If there’s one thing for certain, across different households, in different families, no Christmas Day looks the same. Yes, we might all enjoy a carol service and/or a pint in our local on Christmas Eve, and yes there’s the presents, Christmas dinner, Christmas TV and endless amounts of Quality Street before an afternoon snooze on Christmas Day. But, each and every family has its own little quirks and traditions that make Christmas magical for them. I’ll never forget being caught out by not bringing a ‘table present’ to my in-laws the first Christmas I spent with them. I’d never heard of a table present, let alone thought to bring one. My husband was shocked to learn that not every household has extra joke presents at the dinner table. I was embarrassed to have come empty handed to this clearly important (and frankly quite hilarious) family tradition. Equally, when the following year came, he was quietly miffed by my family’s ‘chocolate for breakfast’ tradition, and really missed his bacon sarnie! We’ve come to welcome and enjoy the family traditions that each side of our family hold, and will begin to create our own traditions for our little family.
It got me wondering about other traditions that people have. It’s so much fun to hear how others celebrate the day. So I asked some of the lovely people I work with what makes Christmas, Christmas for them. Here are some of the best and most unusual traditions I found.
Mandy (Deli Counter)
“We have bucks fizz and chocolate for breakfast, it’s the only time chocolate for breakfast isn’t frowned upon. Even the kids have their orange juice in a fancy glass just like the adults, so that they can feel grown up.”
“Like in many households, alcohol features (perhaps admittedly in my house more than most). Even the shot glasses come out as the day goes on. The kids have shots of J20 drinks. All a bit of fun, until one of them wrote in their school Christmas diary that: ‘On Christmas Day we did shots’ – the teacher wasn’t approving. This year we are going out for a curry on Christmas Day. You could say our traditions aren’t very traditional in the conventional sense.”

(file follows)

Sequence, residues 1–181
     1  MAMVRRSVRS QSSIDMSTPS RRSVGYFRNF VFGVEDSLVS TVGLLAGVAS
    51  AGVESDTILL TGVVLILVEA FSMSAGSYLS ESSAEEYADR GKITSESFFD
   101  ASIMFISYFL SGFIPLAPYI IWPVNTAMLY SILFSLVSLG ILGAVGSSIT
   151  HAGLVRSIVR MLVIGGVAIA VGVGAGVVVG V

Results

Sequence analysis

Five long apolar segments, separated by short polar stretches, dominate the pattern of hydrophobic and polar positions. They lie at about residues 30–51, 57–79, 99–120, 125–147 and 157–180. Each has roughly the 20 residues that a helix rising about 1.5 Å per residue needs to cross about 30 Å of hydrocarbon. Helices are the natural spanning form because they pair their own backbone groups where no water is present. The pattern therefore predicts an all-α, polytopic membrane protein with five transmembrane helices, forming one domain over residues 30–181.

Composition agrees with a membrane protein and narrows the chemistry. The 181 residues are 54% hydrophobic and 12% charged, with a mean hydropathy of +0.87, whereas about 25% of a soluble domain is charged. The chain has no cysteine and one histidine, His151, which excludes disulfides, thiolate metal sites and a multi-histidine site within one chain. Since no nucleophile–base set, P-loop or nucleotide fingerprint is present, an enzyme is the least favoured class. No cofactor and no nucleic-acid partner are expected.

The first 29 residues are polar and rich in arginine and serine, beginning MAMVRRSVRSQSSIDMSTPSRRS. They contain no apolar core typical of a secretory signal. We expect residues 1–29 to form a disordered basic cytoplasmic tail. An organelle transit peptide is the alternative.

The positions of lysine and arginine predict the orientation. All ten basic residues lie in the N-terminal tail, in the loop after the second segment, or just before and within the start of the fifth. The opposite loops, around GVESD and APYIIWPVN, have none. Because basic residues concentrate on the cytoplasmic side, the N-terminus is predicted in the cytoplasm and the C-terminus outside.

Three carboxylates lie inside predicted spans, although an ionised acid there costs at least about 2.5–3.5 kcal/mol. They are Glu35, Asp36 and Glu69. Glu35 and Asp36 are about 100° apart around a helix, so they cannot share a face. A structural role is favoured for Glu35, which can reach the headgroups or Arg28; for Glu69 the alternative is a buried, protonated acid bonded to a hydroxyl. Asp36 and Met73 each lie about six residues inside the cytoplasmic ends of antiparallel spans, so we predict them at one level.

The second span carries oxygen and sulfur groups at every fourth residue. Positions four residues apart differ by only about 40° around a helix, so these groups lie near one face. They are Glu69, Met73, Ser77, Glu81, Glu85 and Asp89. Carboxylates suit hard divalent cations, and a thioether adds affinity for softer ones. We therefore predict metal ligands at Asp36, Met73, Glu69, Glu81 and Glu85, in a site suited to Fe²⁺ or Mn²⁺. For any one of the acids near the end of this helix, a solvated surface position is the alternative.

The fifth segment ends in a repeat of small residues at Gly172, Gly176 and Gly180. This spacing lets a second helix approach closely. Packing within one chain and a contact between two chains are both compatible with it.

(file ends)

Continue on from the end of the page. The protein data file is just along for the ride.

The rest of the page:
Marija O’Brien (Restaurant)
“I originally come from Serbia and the most prominent Christian religion there is Orthodox. Orthodox Christians celebrate Christmas on the 7th January with fasting for 40 days before hand. In those 40 days, the only food allowed is vegan food. Fish is served on Christmas eve (6th Jan) and roasted pork is the tradition on Christmas Day. Now that I live in the UK, I don’t celebrate with such strictness, however I do enjoy going to the Serbian Orthodox Church in Bournville on ‘Serbian’ Christmas Eve with some Serbian friends who live over here too, and my husband. There’s a big fire made outside the church and we enjoy mulled wine afterwards. For me the 25th December isn’t a huge celebration and we don’t have children, so we’ll just have a nice meal and enjoy a day off together.”
Rachel (Conference Centre)
“My Mom’s birthday is on Christmas Day so we have cause for double celebration (and double cake!). For as long as I can remember we’ve celebrated Christmas during the day and then in the evening we have a birthday party.”
Rachel (Farm Shop Tills)
“After Christmas dinner people come and go, but there are always those who stay to help with the washing up. Once that’s all done we play train dominoes. This year, we’re heading over to my sisters to celebrate with her and her boys. She always has stacks of board games, which she insists we play – she is always the most competitive one!”
“As a child I remember having to open our presents one by one. The suspense as a kid was huge, and I remember having to wait patiently for my turn to come round again. Mum also used to peel the sellotape off the wrapping carefully and keep the paper to be reused (very eco-friendly!). Now we’re older, we go to the pub on Christmas morning, then come home for our dinner and open our presents after that. I wouldn’t have had the patience as a child to wait that long with all the excitement.”
Helena (Orange Kitchen)
“I grew up in France, and it is traditional there to open your presents and celebrate with a meal on Christmas Eve instead of Christmas Day. Christmas Day in our house tends to be a hangover day now. My parents still live over there, and I’m looking forward to flying back to see them in a few weeks.”